Wednesday, September 17, 2014

Julio Medem: Lucía y el sexo / Sex and Lucia (2001)

Set mostly in Madrid and on the little Balearic Island of Formentera off the Mediterranean coast of Spain, Julio Medem's Lucía y el sexo / Sex and Lucia (2001) has an offbeat David Lynch vibe and a cool lead with Paz Vega playing Lucía
Because Sex and Lucia seems to revolve around not only Lucía but also her paramour Lorenzo (Tristán Ulloa), a writer, it can be tricky figuring out what exactly is "real" in the plot and what is imagined -- or happening in a parallel world.  Lorenzo is working on a novel, or two novels, on a computer in Madrid, but he's also corresponding with a woman on Formentera via the same computer.  Do all of the characters even exist? It's worth noting that Pepe, Lorenzo's literary agent, is played by Javier Cámara -- the same guy who plays "the weirdo" in Pedro Almodóvar's Hable con ella / Talk to Her (2002).   

I come away from this wondering: is the island really "hollow" or "floating?" How many rock holes are there, for God's sake?

Sex and Lucia looks good -- nice work by cinematographer Kiko de la Rica. The music (by Alberto Iglesias -- another direct link to Almodóvar) fits in well, too.

Today's Rune: Signals.  


Sunday, September 14, 2014

Pedro Almodóvar: Hable con ella / Talk to Her (2002)

Pedro Almodóvar's Hable con ella / Talk to Her (2002) gives us a vivid, offbeat tale revolving around four main characters -- a matadora, a travel writer, a ballet dancer and a male nurse. It's a strange one. Lydia González (played by Rosario Flores) is the bullfighter (reflecting reality: there have been several, for example Conchita Cintrón, 1922-2009, and Cristina Sánchez, b. 1972). Marco (Darío Grandinetti), the writer, develops a romantic relationship with her and a friendship with Benigno (Javier Cámara), the male nurse who also happens to be a sort of "weirdo" and is now caring for Alicia (Leonor Watling), who in turn had already been "that obscure object of (his) desire," as Luis Buñuel donned such fetish-making for the title of his final film in 1977.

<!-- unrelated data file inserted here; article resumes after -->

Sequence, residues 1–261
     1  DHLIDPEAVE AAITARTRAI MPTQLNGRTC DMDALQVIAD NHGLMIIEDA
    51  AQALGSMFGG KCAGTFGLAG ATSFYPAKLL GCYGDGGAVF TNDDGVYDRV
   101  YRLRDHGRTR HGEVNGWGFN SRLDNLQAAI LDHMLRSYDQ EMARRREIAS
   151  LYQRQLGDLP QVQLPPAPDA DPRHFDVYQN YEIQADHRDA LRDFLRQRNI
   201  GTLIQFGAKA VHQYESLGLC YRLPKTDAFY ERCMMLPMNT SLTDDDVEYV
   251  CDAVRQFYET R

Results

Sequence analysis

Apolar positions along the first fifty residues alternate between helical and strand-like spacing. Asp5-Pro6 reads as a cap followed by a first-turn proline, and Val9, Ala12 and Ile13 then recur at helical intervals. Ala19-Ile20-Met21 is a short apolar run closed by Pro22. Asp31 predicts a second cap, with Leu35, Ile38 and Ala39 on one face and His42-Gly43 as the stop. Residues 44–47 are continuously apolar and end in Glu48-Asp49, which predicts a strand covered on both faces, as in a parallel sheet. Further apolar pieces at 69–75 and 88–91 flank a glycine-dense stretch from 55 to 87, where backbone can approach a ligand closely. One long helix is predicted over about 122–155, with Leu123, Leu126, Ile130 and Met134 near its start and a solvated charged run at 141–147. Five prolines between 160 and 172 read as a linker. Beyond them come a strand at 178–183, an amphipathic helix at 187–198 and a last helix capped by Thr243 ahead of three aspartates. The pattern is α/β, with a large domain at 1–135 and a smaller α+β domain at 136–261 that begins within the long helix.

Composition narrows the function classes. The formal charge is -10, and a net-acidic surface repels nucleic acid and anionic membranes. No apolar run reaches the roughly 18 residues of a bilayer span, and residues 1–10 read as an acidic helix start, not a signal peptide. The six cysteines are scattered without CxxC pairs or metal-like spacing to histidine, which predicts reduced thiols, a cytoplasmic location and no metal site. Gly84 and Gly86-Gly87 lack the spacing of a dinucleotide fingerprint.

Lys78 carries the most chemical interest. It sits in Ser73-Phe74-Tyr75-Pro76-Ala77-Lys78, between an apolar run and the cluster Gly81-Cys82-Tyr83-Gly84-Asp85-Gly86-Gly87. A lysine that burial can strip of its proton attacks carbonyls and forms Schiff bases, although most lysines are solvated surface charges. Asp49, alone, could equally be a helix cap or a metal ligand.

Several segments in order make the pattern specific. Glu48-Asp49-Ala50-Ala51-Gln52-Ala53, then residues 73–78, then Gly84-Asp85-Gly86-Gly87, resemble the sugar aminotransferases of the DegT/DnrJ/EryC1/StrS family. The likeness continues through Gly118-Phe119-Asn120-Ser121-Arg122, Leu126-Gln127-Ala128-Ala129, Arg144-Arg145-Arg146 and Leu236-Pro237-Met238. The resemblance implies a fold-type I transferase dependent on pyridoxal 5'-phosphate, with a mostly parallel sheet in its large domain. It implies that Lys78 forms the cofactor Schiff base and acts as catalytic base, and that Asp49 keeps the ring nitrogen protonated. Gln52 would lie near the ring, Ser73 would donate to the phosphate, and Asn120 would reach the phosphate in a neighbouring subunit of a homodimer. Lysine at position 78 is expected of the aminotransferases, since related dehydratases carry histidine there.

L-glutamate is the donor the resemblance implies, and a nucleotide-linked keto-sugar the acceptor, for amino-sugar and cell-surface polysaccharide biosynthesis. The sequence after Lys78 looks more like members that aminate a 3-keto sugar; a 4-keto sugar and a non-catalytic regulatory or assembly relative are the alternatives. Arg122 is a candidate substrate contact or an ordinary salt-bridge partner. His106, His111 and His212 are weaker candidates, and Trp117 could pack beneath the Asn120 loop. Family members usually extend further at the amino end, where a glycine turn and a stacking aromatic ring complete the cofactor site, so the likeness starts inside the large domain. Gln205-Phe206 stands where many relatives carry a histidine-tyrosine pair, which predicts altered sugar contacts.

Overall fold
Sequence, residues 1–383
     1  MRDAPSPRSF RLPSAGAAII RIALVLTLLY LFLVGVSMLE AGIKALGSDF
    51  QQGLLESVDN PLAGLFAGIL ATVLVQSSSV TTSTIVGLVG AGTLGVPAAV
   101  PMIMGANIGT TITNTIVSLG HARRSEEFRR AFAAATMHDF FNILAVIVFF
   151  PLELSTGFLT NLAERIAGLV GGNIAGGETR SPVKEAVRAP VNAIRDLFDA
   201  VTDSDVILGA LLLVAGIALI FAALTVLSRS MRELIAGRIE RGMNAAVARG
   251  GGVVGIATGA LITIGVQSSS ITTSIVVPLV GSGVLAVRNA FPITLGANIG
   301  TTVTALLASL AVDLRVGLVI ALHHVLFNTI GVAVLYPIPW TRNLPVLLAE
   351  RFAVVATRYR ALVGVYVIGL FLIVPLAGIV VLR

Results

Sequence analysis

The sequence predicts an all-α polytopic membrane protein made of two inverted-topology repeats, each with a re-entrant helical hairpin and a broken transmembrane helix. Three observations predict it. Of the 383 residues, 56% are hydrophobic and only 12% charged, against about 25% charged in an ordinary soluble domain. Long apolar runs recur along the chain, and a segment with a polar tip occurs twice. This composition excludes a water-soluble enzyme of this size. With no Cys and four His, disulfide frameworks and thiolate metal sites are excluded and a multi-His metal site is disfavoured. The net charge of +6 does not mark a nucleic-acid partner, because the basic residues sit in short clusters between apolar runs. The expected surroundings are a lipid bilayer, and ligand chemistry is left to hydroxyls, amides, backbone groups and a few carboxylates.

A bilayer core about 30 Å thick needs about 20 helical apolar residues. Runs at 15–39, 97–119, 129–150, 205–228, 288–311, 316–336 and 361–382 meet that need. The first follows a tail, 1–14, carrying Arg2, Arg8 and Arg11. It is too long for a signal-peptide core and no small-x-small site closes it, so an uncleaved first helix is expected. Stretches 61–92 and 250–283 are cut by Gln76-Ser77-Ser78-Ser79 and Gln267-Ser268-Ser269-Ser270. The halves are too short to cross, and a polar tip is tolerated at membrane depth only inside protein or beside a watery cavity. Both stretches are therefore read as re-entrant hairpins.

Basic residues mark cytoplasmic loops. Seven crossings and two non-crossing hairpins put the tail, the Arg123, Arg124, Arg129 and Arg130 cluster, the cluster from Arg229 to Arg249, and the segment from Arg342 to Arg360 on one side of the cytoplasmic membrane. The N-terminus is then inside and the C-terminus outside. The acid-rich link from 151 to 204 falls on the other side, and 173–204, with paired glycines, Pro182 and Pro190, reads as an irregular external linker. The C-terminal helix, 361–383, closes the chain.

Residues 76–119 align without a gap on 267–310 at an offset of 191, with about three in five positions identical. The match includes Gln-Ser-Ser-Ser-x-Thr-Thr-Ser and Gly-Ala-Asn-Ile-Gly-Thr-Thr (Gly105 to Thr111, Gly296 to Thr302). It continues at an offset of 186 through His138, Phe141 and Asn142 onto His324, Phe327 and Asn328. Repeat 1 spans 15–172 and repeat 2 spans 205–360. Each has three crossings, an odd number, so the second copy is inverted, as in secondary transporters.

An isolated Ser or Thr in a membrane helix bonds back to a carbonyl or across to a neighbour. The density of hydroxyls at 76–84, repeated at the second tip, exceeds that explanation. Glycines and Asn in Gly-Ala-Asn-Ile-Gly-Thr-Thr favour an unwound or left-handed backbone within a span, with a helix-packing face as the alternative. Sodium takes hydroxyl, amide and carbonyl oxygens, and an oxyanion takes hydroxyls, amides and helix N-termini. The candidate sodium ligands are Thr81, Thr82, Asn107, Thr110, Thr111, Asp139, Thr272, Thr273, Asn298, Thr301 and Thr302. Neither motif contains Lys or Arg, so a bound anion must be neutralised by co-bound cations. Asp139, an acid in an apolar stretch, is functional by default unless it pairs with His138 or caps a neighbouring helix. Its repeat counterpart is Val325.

What I particularly like about Talk to Her is its incisive demonstration of Spanish manners and social relationships; that and a memorable visit to Córdoba, during which Almodóvar pays meticulous attention to Lydia as she suits up for her final bullfight. All in all, it's a wild journey through time and place, roaming right into a plazas de toros of not always quite predictable results. 

Today's Rune: Gateway. 


Saturday, September 13, 2014

American Bison

A good day for hiking. And, for the first time since the beginning of summer, greeting the buffalo. Click for larger image -- if you wish. 
When I was hiking through the woods, a strong picture image of approaching bison came to mind, and fifteen minutes later, there they were.
A strangely flowing hybrid landscape in cloudy light. The black shadow is an idiosyncrasy of the well-seasoned camera.